The French Connection

The French Connection

“All right, Popeye’s here! Get your hands on your heads, get off the bar, and get on the wall!”

The gritty police movie is familiar now; but when The French Connection came out in 1971, this was a pretty novel concept. Directed by William Friedkin (The Exorcist, Rules of Engagement) and starring Roy Scheider and a young Gene Hackman, this is a police movie more real than even most today. It’s actually based on real-life events and characters. Scheider and Hackman went on patrol with the real-life policemen who inspired the movie, learning the ins and outs of the real work they did. The NYPD was also involved in the movie, making script edits and even working with the film crew to help capture a car chase without getting the proper permits from the city. This is not the typical Hollywood police good guys versus evil criminals, where good ultimately triumphs in the end. Truth be told, I was a little shocked with the ending, although it fit the movie perfectly. All in all, this is a well-written police thriller with plenty of realism and bite.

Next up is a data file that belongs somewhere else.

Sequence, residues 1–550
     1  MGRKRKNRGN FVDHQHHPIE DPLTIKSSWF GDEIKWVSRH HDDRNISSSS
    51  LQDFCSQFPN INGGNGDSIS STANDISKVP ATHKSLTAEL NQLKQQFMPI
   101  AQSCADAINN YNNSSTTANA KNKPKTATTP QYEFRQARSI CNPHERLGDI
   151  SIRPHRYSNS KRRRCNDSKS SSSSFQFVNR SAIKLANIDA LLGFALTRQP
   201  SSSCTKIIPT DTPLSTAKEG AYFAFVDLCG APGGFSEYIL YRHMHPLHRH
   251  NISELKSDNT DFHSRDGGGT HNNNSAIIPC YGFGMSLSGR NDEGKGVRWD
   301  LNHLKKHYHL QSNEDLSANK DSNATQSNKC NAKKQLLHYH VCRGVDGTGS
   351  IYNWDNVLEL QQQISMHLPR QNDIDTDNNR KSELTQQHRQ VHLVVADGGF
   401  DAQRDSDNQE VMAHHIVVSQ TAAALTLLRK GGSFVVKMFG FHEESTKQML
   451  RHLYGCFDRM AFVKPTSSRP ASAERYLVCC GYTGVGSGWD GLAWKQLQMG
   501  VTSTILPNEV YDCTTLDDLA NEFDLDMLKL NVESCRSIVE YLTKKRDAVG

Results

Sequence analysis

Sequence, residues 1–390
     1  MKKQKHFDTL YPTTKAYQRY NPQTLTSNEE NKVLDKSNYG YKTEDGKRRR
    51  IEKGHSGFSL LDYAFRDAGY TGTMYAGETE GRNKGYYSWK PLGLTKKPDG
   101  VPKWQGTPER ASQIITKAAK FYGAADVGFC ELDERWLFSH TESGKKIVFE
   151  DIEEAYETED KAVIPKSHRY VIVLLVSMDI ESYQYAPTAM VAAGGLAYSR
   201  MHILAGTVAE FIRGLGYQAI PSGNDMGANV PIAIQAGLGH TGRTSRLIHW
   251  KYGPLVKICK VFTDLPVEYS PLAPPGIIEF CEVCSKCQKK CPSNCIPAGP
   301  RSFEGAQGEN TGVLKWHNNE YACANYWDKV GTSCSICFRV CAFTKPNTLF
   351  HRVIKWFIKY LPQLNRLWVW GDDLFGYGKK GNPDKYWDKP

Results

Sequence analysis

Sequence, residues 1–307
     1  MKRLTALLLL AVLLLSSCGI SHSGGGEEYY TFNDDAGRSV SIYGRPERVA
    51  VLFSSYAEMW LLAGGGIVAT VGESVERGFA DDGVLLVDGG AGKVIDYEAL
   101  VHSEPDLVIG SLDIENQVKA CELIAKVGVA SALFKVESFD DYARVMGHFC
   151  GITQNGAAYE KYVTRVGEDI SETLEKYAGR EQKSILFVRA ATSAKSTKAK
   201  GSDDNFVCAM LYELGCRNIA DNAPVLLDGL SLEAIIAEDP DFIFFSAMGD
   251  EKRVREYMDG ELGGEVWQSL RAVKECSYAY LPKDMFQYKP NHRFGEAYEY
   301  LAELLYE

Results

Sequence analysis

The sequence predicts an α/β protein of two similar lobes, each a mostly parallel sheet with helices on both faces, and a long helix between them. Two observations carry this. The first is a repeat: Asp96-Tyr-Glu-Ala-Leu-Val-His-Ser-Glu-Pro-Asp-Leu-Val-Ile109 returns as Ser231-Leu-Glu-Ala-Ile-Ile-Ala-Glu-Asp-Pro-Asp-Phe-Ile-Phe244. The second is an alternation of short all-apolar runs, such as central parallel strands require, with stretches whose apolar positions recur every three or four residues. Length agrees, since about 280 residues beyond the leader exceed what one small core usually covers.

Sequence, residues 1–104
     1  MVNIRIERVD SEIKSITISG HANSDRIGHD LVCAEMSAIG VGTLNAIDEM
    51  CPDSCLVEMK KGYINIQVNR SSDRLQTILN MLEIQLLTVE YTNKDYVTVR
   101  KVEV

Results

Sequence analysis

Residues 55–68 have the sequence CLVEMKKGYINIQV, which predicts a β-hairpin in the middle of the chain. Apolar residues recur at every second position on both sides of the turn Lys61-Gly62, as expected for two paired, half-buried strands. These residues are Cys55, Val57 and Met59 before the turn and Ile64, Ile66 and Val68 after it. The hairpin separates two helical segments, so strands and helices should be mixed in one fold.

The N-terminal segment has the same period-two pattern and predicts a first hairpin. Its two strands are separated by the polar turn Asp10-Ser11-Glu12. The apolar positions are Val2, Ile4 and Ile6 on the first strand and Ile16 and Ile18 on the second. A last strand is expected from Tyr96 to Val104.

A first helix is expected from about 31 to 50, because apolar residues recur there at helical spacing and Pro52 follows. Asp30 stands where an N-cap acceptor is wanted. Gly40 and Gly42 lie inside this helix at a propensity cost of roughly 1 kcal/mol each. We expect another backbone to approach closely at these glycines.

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Taxi Driver

Taxi Driver

“Loneliness has followed me my whole life. Everywhere. In bars, in cars, sidewalks, stores, everywhere. There’s no escape. I’m God’s lonely man.”

Taxi Driver, directed by Martin Scorsese (The Wolf of Wall Street, The Departed) and starring Robert De Niro, is a snapshot of Travis Bickle, a disturbed and lonely Vietnam War veteran who works as a taxi driver in New York City. The story and the man are conflicted: wanting to do the right thing, but not equipped to handle the intricacies of every-day life, vacillating between right and wrong. Travis’s growing hopelessness and descent into madness are poignant and sympathetic, leaving the viewer wondering where to draw the line between good and evil.

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